English Philosophers of the Seventeenth and Eighteenth Centuries

Cover
P.F. Collier, 1910 - 445 Seiten

Im Buch

Was andere dazu sagen - Rezension schreiben

Es wurden keine Rezensionen gefunden.

Ausgewählte Seiten

Andere Ausgaben - Alle anzeigen

Häufige Begriffe und Wortgruppen

Beliebte Passagen

Seite 401 - That no testimony is sufficient to establish a miracle, unless the testimony be of such a kind, that its falsehood would be more miraculous, than the fact, which it endeavours to establish...
Seite 445 - When we run over libraries, persuaded of these principles, what havoc must we make? If we take in our hand any volume; of divinity or school metaphysics, for instance; let us ask, Does it contain any abstract reasoning concerning quantity or number? No. Does it contain any experimental reasoning concerning matters of fact and existence? No. Commit it then to the flames: for it can contain nothing but sophistry and illusion.
Seite 374 - These records of wars, intrigues, factions, and revolutions, are so many collections of experiments, by which the politician or moral philosopher fixes the principles of his science, in the same manner as the physician or natural philosopher becomes acquainted with the nature of plants, minerals, and other external objects, by the experiments which he forms concerning them.
Seite 397 - I flatter myself, that I have discovered an argument of a like nature, which, if just, will, with the wise and learned, be an everlasting check to all kinds of superstitious delusion, and consequently, will be useful as long as the world endures. For so long, I presume, will the accounts of miracles and prodigies be found in all history, sacred and profane.
Seite 436 - Berkeley; and indeed most of the writings of that very ingenious author form the best lessons of scepticism, which are to be found either among the ancient or modern philosophers, Bayle not excepted.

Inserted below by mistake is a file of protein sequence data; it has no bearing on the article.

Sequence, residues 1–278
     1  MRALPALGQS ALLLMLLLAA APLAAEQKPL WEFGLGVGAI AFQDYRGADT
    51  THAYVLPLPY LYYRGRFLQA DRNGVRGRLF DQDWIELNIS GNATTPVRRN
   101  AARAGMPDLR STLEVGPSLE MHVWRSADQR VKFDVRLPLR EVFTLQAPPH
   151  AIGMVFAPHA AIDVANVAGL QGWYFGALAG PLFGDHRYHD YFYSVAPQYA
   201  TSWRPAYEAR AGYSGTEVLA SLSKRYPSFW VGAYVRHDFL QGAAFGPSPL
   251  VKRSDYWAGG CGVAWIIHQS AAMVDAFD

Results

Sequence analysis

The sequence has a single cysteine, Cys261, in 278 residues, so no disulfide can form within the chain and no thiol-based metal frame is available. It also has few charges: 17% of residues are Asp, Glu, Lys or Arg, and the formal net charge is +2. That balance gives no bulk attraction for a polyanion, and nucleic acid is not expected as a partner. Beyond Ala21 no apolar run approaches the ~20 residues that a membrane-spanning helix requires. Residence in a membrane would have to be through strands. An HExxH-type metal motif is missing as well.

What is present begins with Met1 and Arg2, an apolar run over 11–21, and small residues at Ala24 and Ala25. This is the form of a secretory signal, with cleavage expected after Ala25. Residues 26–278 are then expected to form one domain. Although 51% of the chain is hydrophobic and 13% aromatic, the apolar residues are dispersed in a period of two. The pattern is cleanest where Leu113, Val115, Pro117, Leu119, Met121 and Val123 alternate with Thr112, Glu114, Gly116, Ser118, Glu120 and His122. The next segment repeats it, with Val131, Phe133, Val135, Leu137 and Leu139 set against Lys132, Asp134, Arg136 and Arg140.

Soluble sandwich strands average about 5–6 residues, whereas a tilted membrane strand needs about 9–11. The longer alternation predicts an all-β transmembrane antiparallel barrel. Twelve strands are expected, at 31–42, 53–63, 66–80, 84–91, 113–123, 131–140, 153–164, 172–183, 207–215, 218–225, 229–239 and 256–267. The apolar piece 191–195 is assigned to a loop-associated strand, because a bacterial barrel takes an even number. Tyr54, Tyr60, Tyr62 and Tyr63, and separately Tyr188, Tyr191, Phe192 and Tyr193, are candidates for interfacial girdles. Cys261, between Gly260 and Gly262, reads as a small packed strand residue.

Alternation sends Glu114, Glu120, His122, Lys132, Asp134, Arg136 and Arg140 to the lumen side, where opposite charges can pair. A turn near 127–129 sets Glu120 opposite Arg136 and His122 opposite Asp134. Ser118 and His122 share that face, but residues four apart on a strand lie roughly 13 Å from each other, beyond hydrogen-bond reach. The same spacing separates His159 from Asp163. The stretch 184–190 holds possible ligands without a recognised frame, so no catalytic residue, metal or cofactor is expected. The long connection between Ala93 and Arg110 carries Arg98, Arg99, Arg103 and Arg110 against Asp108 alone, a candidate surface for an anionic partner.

Seite 368 - Suitably to this experience, therefore, we may define a cause to be an object, followed by another, and where all the objects similar to the first are followed by objects similar to the second. Or in other words where, if the first object had not been, the second never had existed.
Seite 412 - ... no human testimony can have such force as to prove a miracle, and make it a just foundation for any such system of religion.
Seite 433 - It seems evident that men are carried by a natural instinct or prepossession to repose faith in their senses, and that without any reasoning, or even almost before the use of reason, we always suppose an external universe which depends not on our perception but would exist though we and every sensible creature were absent or annihilated.
Seite 356 - When we look about us towards external objects, and consider the operation of causes, we are never able, in a single instance, to discover any power or necessary connection ; any quality which binds the effect to the cause, and renders the one an infallible consequence of the other. We only find that the one does actually in fact follow the other.
Seite 48 - ... it. For, in many cases, all that we can do, or should aim at, is, to make the best of what nature has given, to prevent the vices and faults to which such a constitution is most inclined, and give it all the advantages it is capable of. Every one's natural genius should be carried as far as it could ; but to attempt the putting another upon him, will be but labour in vain ; and what is so plaistered on will at best sit but untowardly, and have always hanging to it the ungracefulness of constraint...

Bibliografische Informationen